Thursday, January 22, 2009

The Darkness and the Light

'Out of the darkness I cry to You' are some words written by a man (or woman) who knew God and who knew pain. After two millennia these and similar words continue to help me as I struggle with one of the worst pains known to man - the searing internal (or should I say infernal) agony of chronic pancreatitis. Another one gives me heart - 'the darkness and light are just the same to You Lord'. That is not just a comfort when you can't sleep and yet are not free to make a noise so that you don't wake anybody else up - it also reminds me that God is just as real and just as close in the bad times as well as the good.

Today, 3,000 miles away in Washington DC, Barack Obama sat at his desk and signed the decree that declares that the imprisonment at Guantanamo Bay will end in one year from today. One day my Commander in Chief will sit at His desk and write out something similar about me and this prison cell of pain. There will come a day, and a moment when this cell door will open and I will go free. 'Please Lord, for the sake of your elect, let it be soon.'

It's been over twelve years now since this appalling pain first touched my life and ignited the war within. During my countless times in hospital and frequent brushes with death, I have become almost used to the fight. So today I just sat down and reminded myself of some stuff I needed to hear:
  • God's not finished with me yet
  • God's gifts and callings are irrevocable
  • Pain can't stop me praying, even if it limits the clever stuff (not a bad idea anyway)
  • The Bible is still true ('heaven and earth may pass away but My Word will never etc')
  • God is good, all the time
  • Jesus loves me.

The pain is dreadful, but it would be infinitely greater if I didn't know the above. Thanks to those of you who join me in my longing for healing and release. Just ask the Lord that in the meantime I will remain faithful, dignifying the trial, until he signs the executive order.

Tuesday, January 20, 2009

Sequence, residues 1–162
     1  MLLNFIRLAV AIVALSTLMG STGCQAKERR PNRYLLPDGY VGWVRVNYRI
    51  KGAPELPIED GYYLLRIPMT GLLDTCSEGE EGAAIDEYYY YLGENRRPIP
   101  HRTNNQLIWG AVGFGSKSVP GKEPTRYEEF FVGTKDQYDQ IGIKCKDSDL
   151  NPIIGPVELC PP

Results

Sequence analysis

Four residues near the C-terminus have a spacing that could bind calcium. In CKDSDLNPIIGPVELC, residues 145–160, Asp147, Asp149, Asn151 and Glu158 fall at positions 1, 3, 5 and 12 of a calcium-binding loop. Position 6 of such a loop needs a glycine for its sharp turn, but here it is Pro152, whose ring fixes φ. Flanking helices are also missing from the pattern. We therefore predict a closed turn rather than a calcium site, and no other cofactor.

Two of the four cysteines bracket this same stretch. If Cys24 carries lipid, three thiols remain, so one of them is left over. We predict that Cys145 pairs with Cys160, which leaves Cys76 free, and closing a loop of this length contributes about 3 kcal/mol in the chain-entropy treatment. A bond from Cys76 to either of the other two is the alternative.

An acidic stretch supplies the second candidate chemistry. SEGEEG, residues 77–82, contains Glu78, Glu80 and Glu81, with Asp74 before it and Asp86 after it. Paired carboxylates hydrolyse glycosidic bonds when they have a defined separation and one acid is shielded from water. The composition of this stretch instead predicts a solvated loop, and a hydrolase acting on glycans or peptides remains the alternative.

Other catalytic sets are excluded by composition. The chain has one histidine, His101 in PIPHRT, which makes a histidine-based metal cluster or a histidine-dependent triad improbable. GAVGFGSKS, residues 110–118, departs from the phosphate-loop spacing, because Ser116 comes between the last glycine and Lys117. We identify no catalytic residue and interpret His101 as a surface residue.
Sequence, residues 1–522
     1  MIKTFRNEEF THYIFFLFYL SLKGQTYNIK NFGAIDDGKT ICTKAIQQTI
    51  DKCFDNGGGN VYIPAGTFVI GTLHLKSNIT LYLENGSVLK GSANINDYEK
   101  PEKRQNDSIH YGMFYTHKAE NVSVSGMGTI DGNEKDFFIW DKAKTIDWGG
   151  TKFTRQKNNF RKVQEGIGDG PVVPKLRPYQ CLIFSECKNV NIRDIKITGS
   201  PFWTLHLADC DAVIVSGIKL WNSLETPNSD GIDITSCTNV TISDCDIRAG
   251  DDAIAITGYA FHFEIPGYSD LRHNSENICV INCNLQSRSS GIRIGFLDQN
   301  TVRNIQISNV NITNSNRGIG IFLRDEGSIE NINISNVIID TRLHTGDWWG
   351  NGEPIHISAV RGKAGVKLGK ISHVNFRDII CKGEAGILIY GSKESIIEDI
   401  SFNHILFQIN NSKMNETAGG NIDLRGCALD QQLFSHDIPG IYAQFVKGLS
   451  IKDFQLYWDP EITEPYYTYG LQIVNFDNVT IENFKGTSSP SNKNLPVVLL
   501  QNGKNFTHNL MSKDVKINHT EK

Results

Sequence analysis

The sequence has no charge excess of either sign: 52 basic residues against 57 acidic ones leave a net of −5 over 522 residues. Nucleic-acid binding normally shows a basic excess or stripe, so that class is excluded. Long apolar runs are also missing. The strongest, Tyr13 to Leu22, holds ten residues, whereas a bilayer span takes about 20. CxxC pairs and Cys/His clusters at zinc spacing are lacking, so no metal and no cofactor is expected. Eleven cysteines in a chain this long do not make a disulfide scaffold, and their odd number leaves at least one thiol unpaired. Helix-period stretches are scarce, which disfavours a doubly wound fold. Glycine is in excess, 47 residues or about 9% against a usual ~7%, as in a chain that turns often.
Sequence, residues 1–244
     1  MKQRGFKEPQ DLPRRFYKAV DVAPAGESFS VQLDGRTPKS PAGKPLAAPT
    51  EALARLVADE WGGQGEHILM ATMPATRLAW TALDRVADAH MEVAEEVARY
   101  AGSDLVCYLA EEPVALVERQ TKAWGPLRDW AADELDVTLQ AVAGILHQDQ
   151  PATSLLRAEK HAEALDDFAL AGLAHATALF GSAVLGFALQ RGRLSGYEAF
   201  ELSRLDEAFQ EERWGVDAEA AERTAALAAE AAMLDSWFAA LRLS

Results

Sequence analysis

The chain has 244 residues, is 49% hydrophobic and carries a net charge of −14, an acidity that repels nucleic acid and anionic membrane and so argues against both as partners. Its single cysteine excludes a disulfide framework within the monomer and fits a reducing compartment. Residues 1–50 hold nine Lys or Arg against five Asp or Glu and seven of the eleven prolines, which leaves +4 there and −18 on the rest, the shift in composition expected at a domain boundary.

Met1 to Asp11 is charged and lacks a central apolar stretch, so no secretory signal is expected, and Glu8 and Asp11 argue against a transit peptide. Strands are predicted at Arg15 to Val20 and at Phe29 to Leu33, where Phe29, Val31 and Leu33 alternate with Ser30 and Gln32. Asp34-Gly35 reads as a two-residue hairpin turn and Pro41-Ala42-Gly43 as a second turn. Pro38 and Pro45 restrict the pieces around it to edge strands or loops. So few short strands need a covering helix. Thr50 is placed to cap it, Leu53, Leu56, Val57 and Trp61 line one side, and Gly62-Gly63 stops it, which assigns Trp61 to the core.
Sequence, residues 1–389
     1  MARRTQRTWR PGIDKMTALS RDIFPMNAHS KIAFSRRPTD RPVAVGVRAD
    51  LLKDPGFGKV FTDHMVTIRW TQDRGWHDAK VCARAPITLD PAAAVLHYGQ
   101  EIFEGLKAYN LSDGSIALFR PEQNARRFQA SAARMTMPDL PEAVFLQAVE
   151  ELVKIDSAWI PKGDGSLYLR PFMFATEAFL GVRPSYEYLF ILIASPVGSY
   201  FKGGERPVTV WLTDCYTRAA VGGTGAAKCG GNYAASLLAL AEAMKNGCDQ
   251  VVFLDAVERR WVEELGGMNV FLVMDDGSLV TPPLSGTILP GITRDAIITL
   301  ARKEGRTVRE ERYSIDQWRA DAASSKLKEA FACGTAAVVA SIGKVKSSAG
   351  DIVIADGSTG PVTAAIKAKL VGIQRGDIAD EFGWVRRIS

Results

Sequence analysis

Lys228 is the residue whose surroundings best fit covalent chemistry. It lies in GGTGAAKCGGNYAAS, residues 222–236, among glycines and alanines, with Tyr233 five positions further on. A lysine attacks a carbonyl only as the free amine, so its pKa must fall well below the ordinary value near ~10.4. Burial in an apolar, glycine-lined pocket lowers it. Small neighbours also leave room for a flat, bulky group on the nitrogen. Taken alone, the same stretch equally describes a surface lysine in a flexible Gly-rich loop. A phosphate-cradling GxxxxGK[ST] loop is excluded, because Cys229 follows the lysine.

Hail the Chief!

Millions are gathered today to express their joy at his arrival. They throng the hillsides and fill to overflowing the enormous mall in the heart of Washington DC. When he came out onto the dais they yelled and cheered like people posessed. Well, in a way they were - posessed of a new hope and a fresh impetus because of one man - Barak Obama.

It cannot be healthy to begin a new job with the kind of expectations and with the adullation that attend this man. He ascends to office with an almost God-like Messianic expectation. Things will really change now - our time has come. 'Yes, we can' declare the posters, and the cry of the multitiudes is 'You bet!'

Is it ever right to put so much store by any man or woman, however gifted or attractive they may be? Obama is just a man like you and me. He will make mistakes, and because of the size of his responsibility they will be big ones. He needs God, and he needs to surrender his life daily to God if he is to have any effect at all. He will find it hard to give due place to his family and probably even harder to resist the temptation to believe his own PR people. But he must remember his first place is to be a husband and a father, and that humility is the key to wisdom.

Rick Warren, the pastor of Saddleback Church in California set us an example today. He doesn't see eye to eye with the new White House on many issues, but he stood alongside the relatively young Obama today and prayed for him openly. So must we, but we must also resist the cult of celebrity. Barak Obama is not the Messiah - only Jesus is. From today the new President stands in need of prayer, in need of God and in need of patience and forbearance as he comes to office in what must be the most difficult of times, just before Jesus returns. When that day comes, of course, we shall really have reason to sing 'Hail to the Chief!

Monday, January 12, 2009

Disabled but not disqualified

Martin was one of my co-patients in hospital last week. He really impressed me because of his attitude. Despite being good-looking and well-spoken, this educated man has been brought low by the disease diabetes, as a result of which he has had both his legs amputated. I was with Martin when they took his first leg off, and now four months later we were neighbours again in the same ward after they had amputated his other leg. He has suffered appalling pain, and is now beginning the realise the giant task that lies ahead of him in learning to walk again with false legs which will take some months to be manufactured and fitted. Yet he was positive and forward looking, joking that at least he had lost weight now! His goal is to get driving again, and to be able to get around just as freely as he could before he lost his limbs.

My encounter with Martin is one of those things that remind me that despite my many admissions to hospital, I am so blessed to be even as well as I am. I have to go back into the ward for major surgery on 3rd February and would appreciate your prayers for a successful outcome. Then, after that, I am to go back to London for further tests to see if the surgeons there can stop these attacks of cholangitis and pancreatitis which have put me in hospital three times in the last four months. But when I am tempted to feel sorry for myself, I remember Martin and his courage, his fortitude and faith, and decide to keep going a little longer.

You see, Martin is a sufferer from disease - but not a victim. He is in pain - but not in despair. He is disabled - but not disqualified. And I want to be like that too.